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Computer Forensics in the Classroom

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Presentation on theme: "Computer Forensics in the Classroom"— Presentation transcript:

1 Computer Forensics in the Classroom
Chris Eagle Naval Postgraduate School

2 The Challenge A one quarter course in computer forensics
Appropriate number of hours Meaningful labs More than just a survey of current state of forensics field

3 Background The “forensics process” Pre-incident planning
Incident recognition and response Evidence collection Evidence analysis Reporting of findings

4 Recognizing Overlap Much of forensics overlaps with other areas
Introductory computer security Viruses, worms, steganography, cryptographic hashing, etc. Networking and network defense Secure management of systems Recognize and reinforce, but don’t repeat

5 Technical vs. Non-technical
What are the goals for your course? High level SANS style overview? Low level technically oriented? How much time to dedicate to non-technical material Legal issues Handling and presentation of evidence Could each be entire courses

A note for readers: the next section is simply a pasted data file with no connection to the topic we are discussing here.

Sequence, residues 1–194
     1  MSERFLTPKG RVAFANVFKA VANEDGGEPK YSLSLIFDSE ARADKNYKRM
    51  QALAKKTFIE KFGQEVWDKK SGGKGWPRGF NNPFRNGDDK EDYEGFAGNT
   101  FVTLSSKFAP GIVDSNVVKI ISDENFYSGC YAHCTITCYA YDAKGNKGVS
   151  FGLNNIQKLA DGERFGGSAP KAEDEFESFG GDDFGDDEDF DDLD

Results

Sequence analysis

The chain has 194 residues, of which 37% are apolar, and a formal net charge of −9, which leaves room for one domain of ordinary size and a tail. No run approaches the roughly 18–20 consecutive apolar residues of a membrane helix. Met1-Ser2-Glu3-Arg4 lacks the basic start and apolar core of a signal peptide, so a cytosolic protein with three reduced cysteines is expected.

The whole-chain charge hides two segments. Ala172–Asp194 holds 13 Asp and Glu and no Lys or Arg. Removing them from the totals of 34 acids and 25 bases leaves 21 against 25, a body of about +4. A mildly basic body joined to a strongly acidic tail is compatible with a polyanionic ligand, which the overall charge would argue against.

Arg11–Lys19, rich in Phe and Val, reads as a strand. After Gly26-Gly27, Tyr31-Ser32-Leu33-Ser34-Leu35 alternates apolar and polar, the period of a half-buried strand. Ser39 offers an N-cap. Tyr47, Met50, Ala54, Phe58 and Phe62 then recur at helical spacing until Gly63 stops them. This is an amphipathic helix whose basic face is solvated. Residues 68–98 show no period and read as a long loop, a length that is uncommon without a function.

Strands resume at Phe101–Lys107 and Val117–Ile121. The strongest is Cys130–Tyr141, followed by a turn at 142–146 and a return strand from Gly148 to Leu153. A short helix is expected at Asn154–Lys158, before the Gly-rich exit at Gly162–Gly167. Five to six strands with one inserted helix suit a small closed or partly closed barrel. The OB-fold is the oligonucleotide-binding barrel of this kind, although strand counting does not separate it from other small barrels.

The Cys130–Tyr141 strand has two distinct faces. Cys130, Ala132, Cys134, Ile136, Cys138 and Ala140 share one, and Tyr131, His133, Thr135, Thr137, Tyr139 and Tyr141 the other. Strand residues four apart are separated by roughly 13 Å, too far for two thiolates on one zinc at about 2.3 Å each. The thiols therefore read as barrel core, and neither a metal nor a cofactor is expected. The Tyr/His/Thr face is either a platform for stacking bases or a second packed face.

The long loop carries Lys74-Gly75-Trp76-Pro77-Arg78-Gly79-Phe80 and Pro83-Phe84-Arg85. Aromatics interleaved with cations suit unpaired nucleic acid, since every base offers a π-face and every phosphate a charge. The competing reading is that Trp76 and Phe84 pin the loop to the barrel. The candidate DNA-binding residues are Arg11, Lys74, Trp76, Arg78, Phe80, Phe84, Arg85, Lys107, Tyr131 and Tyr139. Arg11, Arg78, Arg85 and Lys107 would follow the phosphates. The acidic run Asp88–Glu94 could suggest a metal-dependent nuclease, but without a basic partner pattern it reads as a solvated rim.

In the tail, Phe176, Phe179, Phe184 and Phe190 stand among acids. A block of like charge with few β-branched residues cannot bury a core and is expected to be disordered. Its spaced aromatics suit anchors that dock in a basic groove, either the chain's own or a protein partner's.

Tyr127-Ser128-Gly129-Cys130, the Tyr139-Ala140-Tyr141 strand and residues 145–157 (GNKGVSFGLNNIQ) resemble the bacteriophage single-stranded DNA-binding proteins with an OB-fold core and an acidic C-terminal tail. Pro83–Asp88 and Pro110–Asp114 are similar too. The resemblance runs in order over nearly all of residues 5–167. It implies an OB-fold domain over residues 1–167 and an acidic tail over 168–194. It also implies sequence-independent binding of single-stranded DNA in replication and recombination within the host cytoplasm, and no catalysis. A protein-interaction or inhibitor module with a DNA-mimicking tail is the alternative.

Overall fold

6 Laboratory Setup Many considerations Shared lab? Windows vs. *nix
Open source vs. proprietary Expense VMware and its limitations VMware Player Use of “hostile” tools and/or content Unhappy system administrators

7 Lab Exercises O/S Familiarity Tool familiarization Evidence collection
How do you “plant” evidence Evidence analysis Final project? Report style Case analysis Consider case development

8 Emphasizing Computer Science
Education vs. training How does it all tie in to their studies What are the challenges in forensics? Binary analysis RAM and virtual memory analysis Steganalysis Others

9 Resources Honeynet Project SANS Sleuth Kit Challenges and whitpapers
SANS Courses, newsletters Sleuth Kit Collection and analysis tools and newsletter

10 Conclusion Questions Contact info Chris Eagle

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